Assessing the role of decision support tools in conservation

14 June 2017


Image credit: Luc Hoffman Institute

Developing decision support tools to link science-policy-practice: improving user-centred design

Decision support tools are often suggested as a means of putting scientific knowledge into a useable form for decision-makers. Usually computer-based, they guide users through decision stages towards an evidence-based final decision. Uptake of tools in conservation and elsewhere has sometimes been low as a result of poorly designed products.

Last month, David Rose (Geography, CSaP, UCL STEaPP) and Rebecca Robertson (Zoology) led an inter-disciplinary workshop assessing the role of decision support tools in conservation. The workshop extended research done as part of Defra’s Sustainable Intensification Platform and as part of CSaP’s contribution to the EU Biodiversity Observation Network.

The workshop, which was funded by the University of Cambridge Conservation Research Institute, Luc-Hoffmann Institute, and EU BON, brought together developers of decision support in conservation, as well as policy-makers, practitioners, and academics.

The day covered six key stages in the design of decision support tools: identifying the user, ensuring clear benefits to use, testing whether users can use it, testing whether it is easy to use, adopting a good delivery plan, and maintaining the legacy. Speakers included Caroline Parker (Glasgow Caledonian University), an expert in the design of decision support tools, Craig Mills (Vizzuality), Malcolm Ausden (RSPB), Leon Bennun (The Biodiversity Consultancy), and Lauren Weatherdon (UNEP-WCMC).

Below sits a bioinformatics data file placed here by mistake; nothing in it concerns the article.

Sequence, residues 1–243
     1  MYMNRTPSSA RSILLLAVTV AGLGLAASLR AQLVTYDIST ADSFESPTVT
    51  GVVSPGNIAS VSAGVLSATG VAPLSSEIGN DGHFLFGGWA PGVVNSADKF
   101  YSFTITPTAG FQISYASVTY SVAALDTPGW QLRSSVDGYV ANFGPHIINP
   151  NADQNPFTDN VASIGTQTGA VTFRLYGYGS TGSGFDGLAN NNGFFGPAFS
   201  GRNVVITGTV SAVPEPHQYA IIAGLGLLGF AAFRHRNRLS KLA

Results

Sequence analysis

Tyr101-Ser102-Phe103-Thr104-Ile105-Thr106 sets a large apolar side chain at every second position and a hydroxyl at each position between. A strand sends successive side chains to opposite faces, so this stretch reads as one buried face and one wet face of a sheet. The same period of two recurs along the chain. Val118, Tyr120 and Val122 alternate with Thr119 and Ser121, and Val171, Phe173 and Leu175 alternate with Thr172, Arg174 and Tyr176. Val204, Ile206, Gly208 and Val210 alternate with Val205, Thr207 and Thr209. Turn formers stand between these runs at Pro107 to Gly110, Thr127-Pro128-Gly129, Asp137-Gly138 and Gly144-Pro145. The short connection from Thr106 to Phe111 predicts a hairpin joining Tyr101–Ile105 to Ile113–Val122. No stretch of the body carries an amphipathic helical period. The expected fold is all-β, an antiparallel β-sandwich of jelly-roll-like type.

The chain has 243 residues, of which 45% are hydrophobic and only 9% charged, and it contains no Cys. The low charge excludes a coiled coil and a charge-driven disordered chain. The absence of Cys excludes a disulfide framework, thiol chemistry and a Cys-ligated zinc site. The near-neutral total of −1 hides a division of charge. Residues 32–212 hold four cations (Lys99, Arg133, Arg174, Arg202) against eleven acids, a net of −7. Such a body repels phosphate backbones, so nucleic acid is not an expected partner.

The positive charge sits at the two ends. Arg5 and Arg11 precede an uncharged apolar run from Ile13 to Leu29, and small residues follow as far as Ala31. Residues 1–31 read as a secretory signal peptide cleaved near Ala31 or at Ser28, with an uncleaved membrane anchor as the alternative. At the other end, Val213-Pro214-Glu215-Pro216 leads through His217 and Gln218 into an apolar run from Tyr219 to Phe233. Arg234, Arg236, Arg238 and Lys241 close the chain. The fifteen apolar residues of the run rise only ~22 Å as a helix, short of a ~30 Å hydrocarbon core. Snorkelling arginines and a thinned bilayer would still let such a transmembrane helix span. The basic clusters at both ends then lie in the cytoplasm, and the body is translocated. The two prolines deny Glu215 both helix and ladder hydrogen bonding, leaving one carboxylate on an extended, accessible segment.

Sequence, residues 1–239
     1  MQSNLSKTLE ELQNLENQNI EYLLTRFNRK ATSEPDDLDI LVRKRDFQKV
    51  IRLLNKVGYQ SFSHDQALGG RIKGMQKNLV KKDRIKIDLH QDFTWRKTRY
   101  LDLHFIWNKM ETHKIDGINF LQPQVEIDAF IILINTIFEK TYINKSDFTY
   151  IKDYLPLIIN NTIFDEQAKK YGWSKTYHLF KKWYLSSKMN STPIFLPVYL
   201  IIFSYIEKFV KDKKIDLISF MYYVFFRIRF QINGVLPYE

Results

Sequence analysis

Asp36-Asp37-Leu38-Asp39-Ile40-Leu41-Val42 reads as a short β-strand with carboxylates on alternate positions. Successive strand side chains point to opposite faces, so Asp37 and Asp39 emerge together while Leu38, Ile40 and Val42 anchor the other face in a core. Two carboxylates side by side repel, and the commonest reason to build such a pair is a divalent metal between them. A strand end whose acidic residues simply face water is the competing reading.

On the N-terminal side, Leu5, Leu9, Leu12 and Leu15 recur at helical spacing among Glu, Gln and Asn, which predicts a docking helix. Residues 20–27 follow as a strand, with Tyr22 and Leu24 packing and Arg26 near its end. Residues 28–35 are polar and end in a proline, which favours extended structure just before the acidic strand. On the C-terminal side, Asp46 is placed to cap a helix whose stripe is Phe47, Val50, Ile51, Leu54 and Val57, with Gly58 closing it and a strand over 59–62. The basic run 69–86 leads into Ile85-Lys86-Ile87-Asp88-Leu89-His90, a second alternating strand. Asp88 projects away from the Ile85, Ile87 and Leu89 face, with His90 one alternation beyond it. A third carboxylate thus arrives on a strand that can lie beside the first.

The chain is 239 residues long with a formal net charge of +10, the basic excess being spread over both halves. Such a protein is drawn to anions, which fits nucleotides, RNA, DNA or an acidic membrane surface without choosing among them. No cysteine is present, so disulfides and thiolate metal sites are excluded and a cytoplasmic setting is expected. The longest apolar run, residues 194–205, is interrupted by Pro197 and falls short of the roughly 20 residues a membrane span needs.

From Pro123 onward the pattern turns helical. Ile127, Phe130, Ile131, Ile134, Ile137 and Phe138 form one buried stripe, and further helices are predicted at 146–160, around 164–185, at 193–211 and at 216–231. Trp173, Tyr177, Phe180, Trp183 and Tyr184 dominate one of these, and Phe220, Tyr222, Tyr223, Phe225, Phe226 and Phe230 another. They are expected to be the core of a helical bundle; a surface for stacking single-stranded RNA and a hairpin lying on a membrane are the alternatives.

The speakers touched on various aspects of good user-centred, particularly stressing the value of engaging users at an early stage in order that tools were useable and relevant in practice. A panel session with Prue Addison (University of Oxford), Stephanie O’ Donnell (WILDLABS.NET, Flora and Fauna International), and Melanie Ryan (Luc-Hoffmann Institute), offered valuable advice on how to engage stakeholders effectively.

The workshop stressed the importance of engaging users at every stage of a project, including from conception, through design, and after implementation. A World Cafe style exhibition session allowed users to test various decision support tools aimed at supporting conservation decisions.

Check out the storify for the event here.

Dr David Rose

University of East Anglia (UEA)